But all that her accomplished son has achieved is threatened when the colonies led by influential men, including his own father; begin the fight for independence. A steadfast, loyal subject of the British Crown, William cannot accept his father’s passionate defense of the patriots’ cause, and the enduring bond they share fractures, a heart-wrenching break that will forever haunt them and those they love.

27. June 2013 · Comments Off · Categories: Adult Books, Fiction, Helen, Historical Fiction

Mrs Lincoln's Dressmaker by Jennifer Chiaverini, 356 pages, read by Helen, on 06/20/2013

Presents a fictionalized account of the friendship between Mary Todd Lincoln and her dressmaker Elizabeth Keckley, a former slave.

27. June 2013 · Comments Off · Categories: Adult Books, Fiction, Helen

The art of racing in the rain by Garth Stein., 321 pages, read by Helen, on 06/12/2013

Nearing the end of his life, Enzo, a dog with a philosopher’s soul, tries to bring together the family, pulled apart by a three year custody battle between daughter Zoe’s maternal grandparents and her father Denny, a race car driver.

27. June 2013 · Comments Off · Categories: Adult Books, Fiction, Helen, Horror, Mystery

Joyland by Stephen King, 283 pages, read by Helen, on 06/05/2013

Set in a small-town North Carolina amusement park in 1973, Joyland tells the story of the summer in which college student Devin Jones comes to work as a carny and confronts the legacy of a vicious murder, the fate of a dying child, and the ways both will change his life forever.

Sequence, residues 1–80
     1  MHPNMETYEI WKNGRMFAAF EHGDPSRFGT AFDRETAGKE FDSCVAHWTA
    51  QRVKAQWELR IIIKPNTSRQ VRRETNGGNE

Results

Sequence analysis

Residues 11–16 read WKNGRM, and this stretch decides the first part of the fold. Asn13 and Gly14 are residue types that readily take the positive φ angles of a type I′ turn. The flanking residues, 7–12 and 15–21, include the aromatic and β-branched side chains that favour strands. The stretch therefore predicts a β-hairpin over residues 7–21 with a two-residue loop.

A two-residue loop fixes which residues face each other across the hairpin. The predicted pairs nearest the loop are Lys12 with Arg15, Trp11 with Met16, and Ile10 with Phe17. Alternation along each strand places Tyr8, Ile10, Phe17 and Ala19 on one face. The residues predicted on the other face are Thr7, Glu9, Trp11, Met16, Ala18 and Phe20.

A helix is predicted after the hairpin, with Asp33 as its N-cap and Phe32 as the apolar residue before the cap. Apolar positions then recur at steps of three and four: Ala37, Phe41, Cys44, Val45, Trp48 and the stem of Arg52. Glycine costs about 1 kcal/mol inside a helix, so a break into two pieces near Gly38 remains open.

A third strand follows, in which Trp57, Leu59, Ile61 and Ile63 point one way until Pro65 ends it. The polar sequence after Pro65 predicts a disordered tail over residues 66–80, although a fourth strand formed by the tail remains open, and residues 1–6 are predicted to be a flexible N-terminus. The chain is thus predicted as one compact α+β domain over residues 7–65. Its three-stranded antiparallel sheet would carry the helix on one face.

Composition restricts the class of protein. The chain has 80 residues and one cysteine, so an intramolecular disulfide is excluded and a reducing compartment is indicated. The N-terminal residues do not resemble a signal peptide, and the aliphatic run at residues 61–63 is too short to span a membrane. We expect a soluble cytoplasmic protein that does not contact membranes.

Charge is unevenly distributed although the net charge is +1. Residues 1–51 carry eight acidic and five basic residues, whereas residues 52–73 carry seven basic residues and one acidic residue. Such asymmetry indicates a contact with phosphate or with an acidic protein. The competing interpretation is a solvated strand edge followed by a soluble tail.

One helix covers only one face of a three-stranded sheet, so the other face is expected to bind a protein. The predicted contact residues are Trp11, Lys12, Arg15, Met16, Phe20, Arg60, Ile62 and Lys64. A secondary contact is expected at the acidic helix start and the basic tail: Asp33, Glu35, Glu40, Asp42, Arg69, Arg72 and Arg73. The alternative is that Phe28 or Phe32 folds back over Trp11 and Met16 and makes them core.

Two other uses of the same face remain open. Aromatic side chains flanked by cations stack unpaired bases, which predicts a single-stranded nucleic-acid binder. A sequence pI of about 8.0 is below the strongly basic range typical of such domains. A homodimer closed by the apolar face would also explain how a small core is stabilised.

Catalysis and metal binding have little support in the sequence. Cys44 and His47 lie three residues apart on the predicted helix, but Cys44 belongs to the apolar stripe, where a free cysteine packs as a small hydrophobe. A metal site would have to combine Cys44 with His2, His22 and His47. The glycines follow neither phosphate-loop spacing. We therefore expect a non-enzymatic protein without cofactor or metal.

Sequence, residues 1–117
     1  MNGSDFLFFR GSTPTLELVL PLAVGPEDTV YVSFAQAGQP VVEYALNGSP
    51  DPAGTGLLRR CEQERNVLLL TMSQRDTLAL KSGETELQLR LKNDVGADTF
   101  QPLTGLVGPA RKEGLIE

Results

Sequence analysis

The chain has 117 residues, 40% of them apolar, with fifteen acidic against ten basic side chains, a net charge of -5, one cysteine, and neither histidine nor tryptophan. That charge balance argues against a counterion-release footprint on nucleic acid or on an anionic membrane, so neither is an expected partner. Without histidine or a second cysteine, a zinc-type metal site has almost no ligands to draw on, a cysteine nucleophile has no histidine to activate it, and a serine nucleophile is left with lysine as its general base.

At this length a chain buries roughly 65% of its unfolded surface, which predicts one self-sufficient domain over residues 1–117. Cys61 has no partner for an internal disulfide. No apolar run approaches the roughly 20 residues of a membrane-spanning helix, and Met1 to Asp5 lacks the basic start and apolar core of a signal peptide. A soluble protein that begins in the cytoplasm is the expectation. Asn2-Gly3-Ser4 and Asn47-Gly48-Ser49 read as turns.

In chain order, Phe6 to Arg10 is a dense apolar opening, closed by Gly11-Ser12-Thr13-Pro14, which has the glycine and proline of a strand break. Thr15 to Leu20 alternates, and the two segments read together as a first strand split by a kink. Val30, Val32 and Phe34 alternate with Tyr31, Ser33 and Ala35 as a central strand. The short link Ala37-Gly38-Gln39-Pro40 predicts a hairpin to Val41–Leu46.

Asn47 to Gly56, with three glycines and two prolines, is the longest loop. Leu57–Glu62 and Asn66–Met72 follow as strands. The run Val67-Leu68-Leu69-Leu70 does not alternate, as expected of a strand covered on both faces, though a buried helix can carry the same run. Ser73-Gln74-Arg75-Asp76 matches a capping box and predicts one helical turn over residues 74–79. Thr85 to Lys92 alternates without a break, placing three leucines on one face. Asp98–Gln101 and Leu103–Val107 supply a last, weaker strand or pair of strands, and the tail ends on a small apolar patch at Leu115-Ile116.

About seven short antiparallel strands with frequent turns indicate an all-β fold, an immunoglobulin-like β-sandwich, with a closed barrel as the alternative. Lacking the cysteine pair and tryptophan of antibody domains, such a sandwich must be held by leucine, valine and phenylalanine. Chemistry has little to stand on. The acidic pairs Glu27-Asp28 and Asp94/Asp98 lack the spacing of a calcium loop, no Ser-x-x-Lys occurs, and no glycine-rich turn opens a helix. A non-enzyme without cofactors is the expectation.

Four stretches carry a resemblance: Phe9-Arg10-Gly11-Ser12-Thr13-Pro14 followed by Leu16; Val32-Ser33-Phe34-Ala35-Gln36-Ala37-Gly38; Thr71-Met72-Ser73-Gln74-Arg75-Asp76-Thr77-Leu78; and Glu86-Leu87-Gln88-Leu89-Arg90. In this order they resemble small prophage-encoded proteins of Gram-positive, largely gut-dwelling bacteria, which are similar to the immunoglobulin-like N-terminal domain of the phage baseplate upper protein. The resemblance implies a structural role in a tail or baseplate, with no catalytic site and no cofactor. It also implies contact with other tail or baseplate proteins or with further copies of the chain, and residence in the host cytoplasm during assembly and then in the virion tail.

31. May 2013 · Comments Off · Categories: Fiction, Helen, Horror, Paranormal

Abandon by Blake Crouch, 416 pages, read by Helen, on 05/30/2013

On Christmas Day in 1893, every man, woman and child in a remote gold mining town disappeared, belongings forsaken, meals left to freeze in vacant cabins; and not a single bone was ever found. One hundred thirteen years later, two backcountry guides are hired by a history professor and his journalist daughter to lead them into the abandoned mining town so that they can learn what happened. With them is a psychic, and a paranormal photographer—as the town is rumored to be haunted. A party that tried to explore the town years ago was never heard from again. What this crew is about to discover is that twenty miles from civilization, with a blizzard bearing down, they are not alone, and the past is very much alive.

31. May 2013 · Comments Off · Categories: Fiction, Helen, Mystery

You Only Die Twice by Edna Buchanan, 322 pages, read by Helen, on 05/16/2013